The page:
Though barely out of high school, Elan Savir believed he had something to prove to his family and friends: That the native of Israel, who was raised mostly in New York and South Florida, could find success in Miami. And he could do it with a sense of style. “When I was 18, I started working in clothing stores,” Savir recalls. “At that time [the late 1980s], everyone who I knew that was successful was involved in the fashion industry. To me, success equaled a clothing company. I always had a good eye, and I wanted to make something out of myself. At the time, Miami was a huge fashion hub. There were many factories and fabric mills. Pursuing this industry felt very natural to me.” Inspired by his future father-in-law—who operated a string of successful boutiques in Hollywood Beach, creating clothing and bathing suits for the business—Savir started by thrifting for used jeans and other fabrics. He would then color, cut and stitch the pieces together into edgy denim creations and 1990s-style club dresses. Once finished, he would pack up the trunk of his car and drive up and down the Florida coast to sell his designs. As his work evolved, the industry took notice. “Everyone thought I knew what I was doing,” he says. “No one realized that I was actually just starting out.” It was the beginning of one of the longest-running and most beloved fashion acts in South Florida. In 1991, Savir launched Elan, his namesake company for women’s clothing that, initially, focused exclusively on designing and producing an annual line of resort wear. Three decades later, Elan has transformed into a contemporary, year-round line—not to mention, a family affair. Savir, along with his wife, Galit, and three daughters (Leah, Sarah, and Senaya), as well as more than 150 employees, all have a hand in creating collections for every season—fall, winter, spring, summer and resort. No matter the time of year, there are consistent and flattering threads of comfort and confidence that run through collections designed for the “adventurous fashionista.” “About 12 years ago, we started to make the transition into ready-to-wear collections,” he says. “We started with a fall line, which helped to open up a new client base for us. It was natural to expand to spring, summer, and winter, with resort being our fifth component.”

As an interior designer who has appeared on HGTV’s Design Star and other TV shows, Trish Beaudet thrives on mood boards: “My vision board is built around the ocean and island living,” says the former Michigander who now calls the Lighthouse Point-area home. “I just recently went to Bermuda and...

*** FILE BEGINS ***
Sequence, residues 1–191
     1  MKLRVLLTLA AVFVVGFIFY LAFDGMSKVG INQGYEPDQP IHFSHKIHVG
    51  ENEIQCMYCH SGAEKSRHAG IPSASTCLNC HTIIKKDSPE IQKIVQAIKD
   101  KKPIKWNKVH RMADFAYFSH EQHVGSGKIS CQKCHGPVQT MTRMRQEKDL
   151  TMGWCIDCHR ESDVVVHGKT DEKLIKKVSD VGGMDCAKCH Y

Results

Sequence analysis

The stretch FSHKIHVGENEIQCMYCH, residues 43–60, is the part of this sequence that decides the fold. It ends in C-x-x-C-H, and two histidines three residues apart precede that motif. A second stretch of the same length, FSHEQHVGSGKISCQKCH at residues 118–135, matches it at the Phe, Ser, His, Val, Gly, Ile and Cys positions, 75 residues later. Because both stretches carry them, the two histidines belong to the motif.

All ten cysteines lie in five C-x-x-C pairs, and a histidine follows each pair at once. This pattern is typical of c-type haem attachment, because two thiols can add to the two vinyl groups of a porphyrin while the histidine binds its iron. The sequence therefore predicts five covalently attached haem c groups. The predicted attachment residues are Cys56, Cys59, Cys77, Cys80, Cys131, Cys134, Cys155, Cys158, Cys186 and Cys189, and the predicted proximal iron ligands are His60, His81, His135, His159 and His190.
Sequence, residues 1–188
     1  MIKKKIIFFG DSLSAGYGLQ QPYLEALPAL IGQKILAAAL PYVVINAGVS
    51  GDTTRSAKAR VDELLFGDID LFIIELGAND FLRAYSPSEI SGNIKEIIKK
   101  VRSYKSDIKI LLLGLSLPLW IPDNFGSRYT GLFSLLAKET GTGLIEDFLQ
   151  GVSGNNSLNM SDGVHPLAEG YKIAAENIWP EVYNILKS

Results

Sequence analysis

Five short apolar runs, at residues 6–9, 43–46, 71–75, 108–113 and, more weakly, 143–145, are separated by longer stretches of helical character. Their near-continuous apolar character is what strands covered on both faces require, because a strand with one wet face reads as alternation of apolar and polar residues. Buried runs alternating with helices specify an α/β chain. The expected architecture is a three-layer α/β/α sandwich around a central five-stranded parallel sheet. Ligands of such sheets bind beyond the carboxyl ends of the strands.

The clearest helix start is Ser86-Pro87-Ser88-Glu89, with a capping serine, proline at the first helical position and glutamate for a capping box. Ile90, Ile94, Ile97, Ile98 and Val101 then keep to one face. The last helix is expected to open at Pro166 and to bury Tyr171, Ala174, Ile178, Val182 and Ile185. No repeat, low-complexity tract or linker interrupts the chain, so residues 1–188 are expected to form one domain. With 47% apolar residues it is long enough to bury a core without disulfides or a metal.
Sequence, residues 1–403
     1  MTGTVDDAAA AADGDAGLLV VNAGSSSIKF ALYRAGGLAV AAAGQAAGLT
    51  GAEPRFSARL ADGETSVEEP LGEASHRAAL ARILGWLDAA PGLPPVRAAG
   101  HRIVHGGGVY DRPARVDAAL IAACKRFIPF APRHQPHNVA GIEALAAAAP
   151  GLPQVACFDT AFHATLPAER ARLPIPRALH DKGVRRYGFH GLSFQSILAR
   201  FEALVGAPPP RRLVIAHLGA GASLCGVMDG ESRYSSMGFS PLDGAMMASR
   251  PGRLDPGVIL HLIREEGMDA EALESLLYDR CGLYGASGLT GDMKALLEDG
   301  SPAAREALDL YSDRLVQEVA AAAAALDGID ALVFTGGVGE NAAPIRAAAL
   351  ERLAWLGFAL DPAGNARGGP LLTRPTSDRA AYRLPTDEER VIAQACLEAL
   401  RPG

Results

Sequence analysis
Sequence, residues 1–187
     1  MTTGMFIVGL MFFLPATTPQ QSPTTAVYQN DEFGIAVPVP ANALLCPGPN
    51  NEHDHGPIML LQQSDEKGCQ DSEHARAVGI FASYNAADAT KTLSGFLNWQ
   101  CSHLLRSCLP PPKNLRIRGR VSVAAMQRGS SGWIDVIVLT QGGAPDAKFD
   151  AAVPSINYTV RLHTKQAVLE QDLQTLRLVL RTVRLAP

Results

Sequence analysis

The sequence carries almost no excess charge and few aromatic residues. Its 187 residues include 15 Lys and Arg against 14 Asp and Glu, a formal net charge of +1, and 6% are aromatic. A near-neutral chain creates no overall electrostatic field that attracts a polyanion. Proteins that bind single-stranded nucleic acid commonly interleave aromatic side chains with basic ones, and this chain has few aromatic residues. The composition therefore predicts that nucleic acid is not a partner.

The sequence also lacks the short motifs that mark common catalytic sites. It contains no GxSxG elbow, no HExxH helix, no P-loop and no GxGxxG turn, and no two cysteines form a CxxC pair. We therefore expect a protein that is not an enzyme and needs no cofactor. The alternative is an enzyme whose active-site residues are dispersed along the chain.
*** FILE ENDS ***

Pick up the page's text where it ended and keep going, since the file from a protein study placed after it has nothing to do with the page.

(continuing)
SFBW recently convened a well-attended panel to consider the multifaceted issue of transportation infrastructure and planning in South Florida. The meeting was moderated by Anthony Abbate, professor of architecture and director of the MetroLab at Florida Atlantic University, who was joined by Beth Alton, executive director of Hillsborough Transportation Planning Organization in Tampa; James Cromar, deputy executive director of mobility initiatives at the Broward Metropolitan Planning Organization; John Englander, oceanographer and author; and John Renny, professor and urban planning expert at FAU. In a wide-ranging conversation, these experts touched on topics including public/private partnerships to Elon Musk’s tunnels proposition to assessments of the various models of sea level rise. WATER WORKS We recently heard from an expert who noted that the character of our cities is determined by the transportation systems we choose for them. Given that we live so close to the water here in South Florida, do you think Fort Lauderdale’s moniker as “The Venice of America” might foretell the future of our region? Englander: Transportation planning is a great lens through which to look at climate change and sea level, because transportation planning is typically done looking 30 years to 100 years in the future. Not many other professions look at things like that. I’d like to frame things a little bit by pointing out that, while we see climate change headlines in the news—flooding in Germany, fires out west—and we’re all aware of climate change, even if we went to 100-percent electric vehicles and renewable energy today, the weather is not going to go back to what it was. We’ve warmed the planet. We need to be resilient in addition to being sustainable. And we need to be adaptive. When sea level is many feet higher, it won’t require sustainability and resiliency—it will require adaptation. Anybody who has been to Venice recently knows that the idyllic city we remember is not the same. St. Mark’s Square did not used to flood and now it floods 80 to 100 days a year. Venice forces us to confront reality. Renne: In South Florida we are very much vulnerable to climate change. The concept of adaptation is very important for us. We need to address adaptation and mitigation at the same time. We do need to reduce carbon emissions, and, on the other hand, there is a certain amount of heat built into the ocean that is going to make the levels rise. Even if we stop today, we will see the impacts for the rest of our lives and beyond. Alden: The role of metropolitan planning organizations is in a way connecting vision to dollars, and numbers about how we can really make a difference. How can we make it real when our community members say that they want change? From a big-picture perspective, we have had a couple of very different transportation paradigms. We had a water-oriented transportation system for many decades, and then we built a rail-based system, and then an automobile-based system. And we have been having a conversation in [the] Tampa Bay [area] and many other metro areas about needing to make a big change and reshape our transportation system to allow for more choices that are not automobile dependent. That’s a big shift. And its a decision about investing. Resilience and sustainability are big factors in the conversation—and to that end one of the big things we brought to the table is, how do we make the systems we have more resilient to the changes that we already know are happening. Cromar: The big event for us at the Broward [Metropolitan Planning Organization]—a turning point—was in 2012 when Superstorm Sandy washed out part of [Highway] A1A in Fort Lauderdale, the section north of Sunrise Boulevard. For a few weeks there was a lack of connection, and we thought, what do we do? Do we consider not rebuilding the road, because it was on a barrier island? There were a lot of questions about economic activity. It’s along the beach—there are hotels and tourists and people spending money—so the decision was reached to rebuild the road at great expense: about $10 million for a half-mile segment. Renne: Typically, in the past, we have looked at streets as being about moving cars—and now how important it is to think about them not just as a way to move cars or even people but how to address the climate impacts that were seeing, like the increase in heavy rain. How do we use landscaping to improve the livability of a street—increasing shade canopy, increase green space, which has psychological benefits to some people, and do it in a way to manage climate impact.